It’s been two decades since Anna Sui, one of the biggest and most enduring names in New York fashion, first used denim in her eponymous ready-to-wear collection. “It was spring 1994, and it was a punk collection,” she said most certainly. “I did barn coats and kilts mixed with screen-printed t-shirts that were cropped. Carla Bruni wore one of the looks in the show. Short jean skirts and long jean jackets. We used big, gloppy rhinestone jewelry, and little punk tees with religious imagery on them. I always like to mix stuff like that.”

Anna, who is not a denim designer proper but knows as much as anyone we’ve talked to about the inner circles of the industry, does to our favorite fabric what an artist might, making it her own by appliquéing, embroidering, and decorating it with techniques old (like needlepoint) and newer (like air-brushing). Piecing, patchworking, jacquard-ing, studding, and rhinestone-ing…she’s put denim through all of it. One need only flip through the slideshow of pieces from her archive below to understand how extensive Anna’s experiments with denim are. “You really can’t go wrong with it,” she said, walking us through her Schiffli machine-embroidered chambrays and other one-of-a-kind pieces, their embellishments sewn-on by the hands of dedicated assistants. “Denim just takes to techniques so well, it’s so comfortable to wear, and it showcases whatever you mix with it or put on top of it,” she said.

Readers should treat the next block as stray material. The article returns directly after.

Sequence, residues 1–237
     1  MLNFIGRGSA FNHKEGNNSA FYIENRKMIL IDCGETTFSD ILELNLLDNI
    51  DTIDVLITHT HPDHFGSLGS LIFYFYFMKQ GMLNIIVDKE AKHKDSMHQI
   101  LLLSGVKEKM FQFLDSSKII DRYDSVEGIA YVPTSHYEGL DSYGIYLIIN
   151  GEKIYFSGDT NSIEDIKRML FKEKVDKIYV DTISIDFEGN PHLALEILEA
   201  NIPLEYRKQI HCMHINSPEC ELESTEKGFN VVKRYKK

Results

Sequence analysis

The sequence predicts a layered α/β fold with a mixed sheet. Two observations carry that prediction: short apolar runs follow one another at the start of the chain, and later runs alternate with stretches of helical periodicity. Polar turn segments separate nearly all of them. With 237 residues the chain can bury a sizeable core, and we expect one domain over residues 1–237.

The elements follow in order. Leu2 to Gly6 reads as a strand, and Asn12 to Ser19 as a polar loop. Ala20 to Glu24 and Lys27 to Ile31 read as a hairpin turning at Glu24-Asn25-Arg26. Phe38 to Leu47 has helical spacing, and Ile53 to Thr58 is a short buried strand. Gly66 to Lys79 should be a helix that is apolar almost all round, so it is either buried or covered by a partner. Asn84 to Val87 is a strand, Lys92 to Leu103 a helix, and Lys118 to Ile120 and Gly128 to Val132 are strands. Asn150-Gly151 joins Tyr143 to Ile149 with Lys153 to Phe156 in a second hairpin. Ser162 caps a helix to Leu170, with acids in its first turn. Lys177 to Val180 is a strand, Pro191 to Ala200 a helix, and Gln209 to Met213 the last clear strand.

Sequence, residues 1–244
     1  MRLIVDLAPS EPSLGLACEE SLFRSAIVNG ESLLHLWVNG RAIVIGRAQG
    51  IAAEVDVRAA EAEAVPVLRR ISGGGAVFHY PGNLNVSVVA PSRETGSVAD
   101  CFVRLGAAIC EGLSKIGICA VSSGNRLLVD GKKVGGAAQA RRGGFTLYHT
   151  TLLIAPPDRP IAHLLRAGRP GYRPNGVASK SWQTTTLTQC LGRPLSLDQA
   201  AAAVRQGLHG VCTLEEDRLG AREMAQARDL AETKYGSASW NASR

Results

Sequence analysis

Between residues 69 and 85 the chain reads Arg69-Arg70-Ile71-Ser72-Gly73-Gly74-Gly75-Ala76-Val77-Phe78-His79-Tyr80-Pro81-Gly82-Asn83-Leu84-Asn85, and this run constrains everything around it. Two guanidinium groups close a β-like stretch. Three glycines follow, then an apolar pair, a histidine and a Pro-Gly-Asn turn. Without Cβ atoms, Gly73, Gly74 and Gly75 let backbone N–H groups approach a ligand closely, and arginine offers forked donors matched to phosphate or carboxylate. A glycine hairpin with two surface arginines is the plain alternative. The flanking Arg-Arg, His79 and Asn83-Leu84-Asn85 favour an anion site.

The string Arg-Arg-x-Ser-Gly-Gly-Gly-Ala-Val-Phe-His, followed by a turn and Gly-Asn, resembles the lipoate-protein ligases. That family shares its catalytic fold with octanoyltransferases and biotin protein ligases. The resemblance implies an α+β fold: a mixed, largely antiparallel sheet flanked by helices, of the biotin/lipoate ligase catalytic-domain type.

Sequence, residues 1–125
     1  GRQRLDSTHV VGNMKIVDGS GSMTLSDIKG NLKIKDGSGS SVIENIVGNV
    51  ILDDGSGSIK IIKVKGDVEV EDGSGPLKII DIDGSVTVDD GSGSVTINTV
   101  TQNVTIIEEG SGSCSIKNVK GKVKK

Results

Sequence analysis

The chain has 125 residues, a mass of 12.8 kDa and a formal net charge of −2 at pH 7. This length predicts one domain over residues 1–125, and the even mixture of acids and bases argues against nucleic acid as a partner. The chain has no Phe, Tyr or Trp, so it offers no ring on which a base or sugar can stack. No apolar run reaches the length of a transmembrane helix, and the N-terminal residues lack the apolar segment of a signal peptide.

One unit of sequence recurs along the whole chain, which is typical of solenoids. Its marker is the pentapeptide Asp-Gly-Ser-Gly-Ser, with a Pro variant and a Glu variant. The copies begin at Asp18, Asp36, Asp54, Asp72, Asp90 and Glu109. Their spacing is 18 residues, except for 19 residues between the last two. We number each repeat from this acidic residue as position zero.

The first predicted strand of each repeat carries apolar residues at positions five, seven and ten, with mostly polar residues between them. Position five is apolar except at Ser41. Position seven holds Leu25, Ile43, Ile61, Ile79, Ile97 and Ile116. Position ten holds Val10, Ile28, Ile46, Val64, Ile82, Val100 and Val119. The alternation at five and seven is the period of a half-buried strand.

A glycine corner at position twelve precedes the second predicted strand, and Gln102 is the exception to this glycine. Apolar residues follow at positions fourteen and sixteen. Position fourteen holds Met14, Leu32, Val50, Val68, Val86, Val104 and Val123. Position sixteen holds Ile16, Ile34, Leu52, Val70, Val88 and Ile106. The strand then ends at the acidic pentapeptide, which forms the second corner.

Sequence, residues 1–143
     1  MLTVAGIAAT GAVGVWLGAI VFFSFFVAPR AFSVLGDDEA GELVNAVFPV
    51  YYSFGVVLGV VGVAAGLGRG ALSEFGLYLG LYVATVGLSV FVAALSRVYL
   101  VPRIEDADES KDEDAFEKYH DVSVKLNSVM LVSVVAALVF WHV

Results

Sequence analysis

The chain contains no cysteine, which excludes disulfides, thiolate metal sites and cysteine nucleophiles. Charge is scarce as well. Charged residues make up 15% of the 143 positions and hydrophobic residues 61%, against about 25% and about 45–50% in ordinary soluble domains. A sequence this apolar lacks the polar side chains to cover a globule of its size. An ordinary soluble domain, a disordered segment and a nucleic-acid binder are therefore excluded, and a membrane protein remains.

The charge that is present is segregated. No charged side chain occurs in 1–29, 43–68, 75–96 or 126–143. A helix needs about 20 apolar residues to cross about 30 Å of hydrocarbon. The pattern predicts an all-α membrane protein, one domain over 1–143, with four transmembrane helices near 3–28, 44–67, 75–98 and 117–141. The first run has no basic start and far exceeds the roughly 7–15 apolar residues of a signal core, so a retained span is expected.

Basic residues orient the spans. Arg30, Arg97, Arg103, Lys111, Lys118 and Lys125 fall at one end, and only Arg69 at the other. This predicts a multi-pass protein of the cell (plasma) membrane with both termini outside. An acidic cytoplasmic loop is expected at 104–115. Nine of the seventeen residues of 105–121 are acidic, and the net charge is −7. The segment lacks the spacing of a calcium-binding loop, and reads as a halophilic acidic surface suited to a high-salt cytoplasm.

We love it when the people we talk to feel a need to share more than their clothes or closets with us. And Anna did just that, going back to her library at the very end of our chat to find three books that she thought we absolutely had to see. The first was what looked to be an original copy of Native Funk and Flash, the seminal book of outrageous seventies style. The second was American Denim, from 1974, which spotlights 50 artists and their elaborate works-on-jeans. And the third book was actually not a book, but a page-by-page photocopy of the catalogue of winners from a denim-art contest hosted by Levi’s way back in the day. We marveled with Anna at the pictures in all of these expressive tomes, and at the imaginations of the individuals whose groovy jeans appeared in them, quietly wondering (to ourselves) if a book of Anna’s own collection wasn’t long overdue.

Tell us about the jacket you’re wearing. It’s from a recent collection, is that right?

Yes, it’s from the spring 2013 collection, which was a punk collection. [Jamie Bochert wore it with matching pants in the show]. I mixed denim and punk styling in that collection, but I also jeweled a lot of it. I love embellishing denim – it’s such a great showcase for any kind of handcrafting. And it really gives a certain casualness to almost anything. Like the jet beading on this jacket – on denim it’s something you wear all the time. It’s not just an evening thing.

Click on an image to see the slideshow

Do you have a favorite pair of jeans?

I do, and I wore them out, and they’re not the same anymore. That’s the problem with jeans – they get to a point where they’re your favorite…and then next thing you know they’re too worn, too stretched out, and you have to find another pair.